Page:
Lawsuit Claims Anti-Depressant Company
Suppressed Drug's Addictive Nature
LOS ANGELES A lawsuit
contends the manufacturer of the popular anti-depressant Paxil
concealed evidence that the drug can be addictive.
The lawsuit was filed Friday on behalf of
35 people from around the country who say they suffered
symptoms ranging from electric-like shocks to suicidal
thoughts after discontinuing use of the drug.
The lawsuit, which seeks class-action
status and unspecified damages, says GlaxoSmithkline PLC
concealed the possibility of physical and psychological
withdrawal symptoms from the drug. It alleges fraud, deceit,
negligence, liability, and breach of warranty.
There was no immediate comment from the
British-based company. Calls to its U.S. offices after
business hours Friday were not returned.
Introduced on the U.S. market in 1992,
Paxil is the country's second-largest selling anti-depressant.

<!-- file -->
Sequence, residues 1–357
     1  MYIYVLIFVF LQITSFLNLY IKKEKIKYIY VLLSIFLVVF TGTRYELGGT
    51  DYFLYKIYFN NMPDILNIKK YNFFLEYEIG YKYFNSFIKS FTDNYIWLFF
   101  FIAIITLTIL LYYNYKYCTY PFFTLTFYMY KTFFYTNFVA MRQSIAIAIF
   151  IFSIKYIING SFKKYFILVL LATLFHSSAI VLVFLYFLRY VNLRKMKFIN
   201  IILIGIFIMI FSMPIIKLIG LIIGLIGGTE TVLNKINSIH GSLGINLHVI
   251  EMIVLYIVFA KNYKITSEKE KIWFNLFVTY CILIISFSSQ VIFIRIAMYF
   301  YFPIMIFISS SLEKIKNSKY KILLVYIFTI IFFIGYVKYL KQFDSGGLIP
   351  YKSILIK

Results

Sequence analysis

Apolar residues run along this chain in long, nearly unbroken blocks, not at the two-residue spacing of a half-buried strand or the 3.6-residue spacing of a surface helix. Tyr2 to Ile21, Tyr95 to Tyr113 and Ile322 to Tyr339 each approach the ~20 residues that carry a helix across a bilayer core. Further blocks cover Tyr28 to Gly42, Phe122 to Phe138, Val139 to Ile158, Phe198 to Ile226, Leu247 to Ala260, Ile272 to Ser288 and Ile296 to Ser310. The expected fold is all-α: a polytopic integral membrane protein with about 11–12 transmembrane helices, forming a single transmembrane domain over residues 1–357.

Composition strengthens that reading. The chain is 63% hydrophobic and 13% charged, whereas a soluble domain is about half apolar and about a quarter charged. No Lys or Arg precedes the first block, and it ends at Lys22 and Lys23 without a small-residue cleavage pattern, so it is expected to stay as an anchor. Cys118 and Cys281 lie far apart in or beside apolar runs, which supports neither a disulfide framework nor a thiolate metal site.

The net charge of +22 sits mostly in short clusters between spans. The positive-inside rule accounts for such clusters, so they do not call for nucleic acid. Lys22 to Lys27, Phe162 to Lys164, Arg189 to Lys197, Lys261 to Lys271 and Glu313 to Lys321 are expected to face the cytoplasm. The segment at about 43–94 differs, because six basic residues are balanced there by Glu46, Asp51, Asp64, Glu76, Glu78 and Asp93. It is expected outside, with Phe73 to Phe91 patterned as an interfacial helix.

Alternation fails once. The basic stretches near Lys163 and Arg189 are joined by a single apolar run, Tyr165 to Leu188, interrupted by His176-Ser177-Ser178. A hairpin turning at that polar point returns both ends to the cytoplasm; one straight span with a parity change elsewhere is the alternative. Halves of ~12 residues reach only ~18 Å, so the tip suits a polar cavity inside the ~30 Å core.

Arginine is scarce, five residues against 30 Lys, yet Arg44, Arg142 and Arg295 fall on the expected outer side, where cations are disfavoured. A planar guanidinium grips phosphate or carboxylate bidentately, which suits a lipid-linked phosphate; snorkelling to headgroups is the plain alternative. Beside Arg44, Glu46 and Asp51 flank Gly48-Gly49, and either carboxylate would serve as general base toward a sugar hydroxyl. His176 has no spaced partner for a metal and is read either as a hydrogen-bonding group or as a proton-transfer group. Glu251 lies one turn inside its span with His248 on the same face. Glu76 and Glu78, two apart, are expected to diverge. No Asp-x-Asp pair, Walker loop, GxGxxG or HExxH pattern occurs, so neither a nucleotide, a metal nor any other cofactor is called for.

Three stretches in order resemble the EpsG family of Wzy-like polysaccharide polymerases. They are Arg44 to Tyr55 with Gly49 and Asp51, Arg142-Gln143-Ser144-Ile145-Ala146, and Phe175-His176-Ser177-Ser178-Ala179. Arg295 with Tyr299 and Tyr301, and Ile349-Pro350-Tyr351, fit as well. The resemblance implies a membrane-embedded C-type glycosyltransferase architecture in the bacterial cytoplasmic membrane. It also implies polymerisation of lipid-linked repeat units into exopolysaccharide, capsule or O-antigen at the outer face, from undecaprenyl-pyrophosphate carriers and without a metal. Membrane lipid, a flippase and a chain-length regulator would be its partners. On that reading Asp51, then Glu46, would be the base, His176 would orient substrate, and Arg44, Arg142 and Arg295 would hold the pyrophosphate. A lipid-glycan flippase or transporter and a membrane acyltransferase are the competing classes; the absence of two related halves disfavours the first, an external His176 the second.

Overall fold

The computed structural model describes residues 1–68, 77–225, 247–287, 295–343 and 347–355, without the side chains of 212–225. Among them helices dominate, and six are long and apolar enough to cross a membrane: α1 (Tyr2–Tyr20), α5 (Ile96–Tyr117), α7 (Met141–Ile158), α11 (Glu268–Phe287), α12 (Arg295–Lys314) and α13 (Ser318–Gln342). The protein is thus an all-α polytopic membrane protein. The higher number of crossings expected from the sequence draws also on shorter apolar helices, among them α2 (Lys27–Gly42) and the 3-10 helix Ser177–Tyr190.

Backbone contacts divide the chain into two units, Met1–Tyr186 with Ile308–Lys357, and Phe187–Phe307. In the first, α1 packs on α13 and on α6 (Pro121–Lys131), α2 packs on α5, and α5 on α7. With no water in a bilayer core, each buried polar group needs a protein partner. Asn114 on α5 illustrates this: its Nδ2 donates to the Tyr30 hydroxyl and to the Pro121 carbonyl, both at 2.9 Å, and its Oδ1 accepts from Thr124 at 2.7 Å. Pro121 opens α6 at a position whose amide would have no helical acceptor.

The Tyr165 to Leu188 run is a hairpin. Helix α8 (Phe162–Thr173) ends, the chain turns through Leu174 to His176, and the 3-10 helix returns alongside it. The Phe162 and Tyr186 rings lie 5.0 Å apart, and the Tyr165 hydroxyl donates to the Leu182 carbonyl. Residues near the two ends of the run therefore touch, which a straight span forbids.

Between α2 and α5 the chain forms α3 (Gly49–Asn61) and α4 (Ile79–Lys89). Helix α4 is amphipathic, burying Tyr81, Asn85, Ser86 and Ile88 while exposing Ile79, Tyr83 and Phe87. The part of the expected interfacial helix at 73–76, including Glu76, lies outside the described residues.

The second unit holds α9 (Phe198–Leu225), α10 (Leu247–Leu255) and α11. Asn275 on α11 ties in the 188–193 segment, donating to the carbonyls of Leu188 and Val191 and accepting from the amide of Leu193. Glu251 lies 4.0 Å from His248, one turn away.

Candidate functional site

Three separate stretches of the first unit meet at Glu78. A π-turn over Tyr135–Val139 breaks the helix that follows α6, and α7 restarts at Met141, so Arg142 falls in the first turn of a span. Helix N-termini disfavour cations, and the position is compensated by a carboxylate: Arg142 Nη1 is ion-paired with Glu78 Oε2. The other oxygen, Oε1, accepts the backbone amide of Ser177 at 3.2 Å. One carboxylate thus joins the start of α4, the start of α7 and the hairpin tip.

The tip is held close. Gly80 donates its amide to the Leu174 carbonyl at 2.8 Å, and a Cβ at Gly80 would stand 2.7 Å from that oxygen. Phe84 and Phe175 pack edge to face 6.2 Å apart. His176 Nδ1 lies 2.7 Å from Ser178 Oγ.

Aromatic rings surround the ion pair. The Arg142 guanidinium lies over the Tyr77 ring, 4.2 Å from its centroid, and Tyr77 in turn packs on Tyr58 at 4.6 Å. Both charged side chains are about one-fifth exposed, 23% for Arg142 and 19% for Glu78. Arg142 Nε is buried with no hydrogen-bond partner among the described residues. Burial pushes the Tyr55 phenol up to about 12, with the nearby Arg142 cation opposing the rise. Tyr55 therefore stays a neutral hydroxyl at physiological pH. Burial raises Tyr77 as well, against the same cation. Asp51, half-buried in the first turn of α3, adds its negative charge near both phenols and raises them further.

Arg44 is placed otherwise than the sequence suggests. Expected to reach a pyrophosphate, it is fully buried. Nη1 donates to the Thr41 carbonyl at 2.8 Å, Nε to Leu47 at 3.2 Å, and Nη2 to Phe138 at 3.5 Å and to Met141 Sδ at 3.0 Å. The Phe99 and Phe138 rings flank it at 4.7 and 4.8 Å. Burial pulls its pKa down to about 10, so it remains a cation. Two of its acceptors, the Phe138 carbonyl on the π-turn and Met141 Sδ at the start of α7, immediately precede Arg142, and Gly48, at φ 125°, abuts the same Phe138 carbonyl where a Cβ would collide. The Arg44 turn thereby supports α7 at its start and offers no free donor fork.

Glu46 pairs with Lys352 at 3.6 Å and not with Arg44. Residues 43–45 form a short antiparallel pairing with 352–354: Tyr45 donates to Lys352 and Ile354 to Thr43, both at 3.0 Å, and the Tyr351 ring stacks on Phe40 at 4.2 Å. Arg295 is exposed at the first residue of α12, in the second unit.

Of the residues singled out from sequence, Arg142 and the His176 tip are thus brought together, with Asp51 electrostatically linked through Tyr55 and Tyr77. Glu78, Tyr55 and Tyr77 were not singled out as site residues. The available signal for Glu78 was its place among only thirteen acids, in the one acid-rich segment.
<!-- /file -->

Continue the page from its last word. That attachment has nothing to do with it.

Paul Domb, 42, of Miami, said that after he
stopped taking Paxil last year, he suffered from convulsions,
night sweats, and suicidal thoughts for about six weeks.
He said he thought the problems had to do
with recent heart surgery, but after researching his symptoms
he concluded they were caused by his withdrawal from Paxil.
"I stopped taking this drug ... and it
destroyed me. It almost killed me," he said.
In June, a Wyoming jury awarded $8 million
in damages to the family of a man after determining that Paxil
caused him to kill his wife, daughter and granddaughter before